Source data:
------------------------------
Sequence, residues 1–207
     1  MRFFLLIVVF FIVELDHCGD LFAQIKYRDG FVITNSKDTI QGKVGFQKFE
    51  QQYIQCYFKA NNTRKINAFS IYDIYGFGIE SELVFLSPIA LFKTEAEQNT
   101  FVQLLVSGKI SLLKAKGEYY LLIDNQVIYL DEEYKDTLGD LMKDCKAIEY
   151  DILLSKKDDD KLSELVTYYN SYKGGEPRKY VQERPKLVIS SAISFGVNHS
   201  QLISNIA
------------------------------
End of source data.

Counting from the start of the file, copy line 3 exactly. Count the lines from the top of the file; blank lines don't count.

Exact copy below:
    51  QQYIQCYFKA NNTRKINAFS IYDIYGFGIE SELVFLSPIA LFKTEAEQNT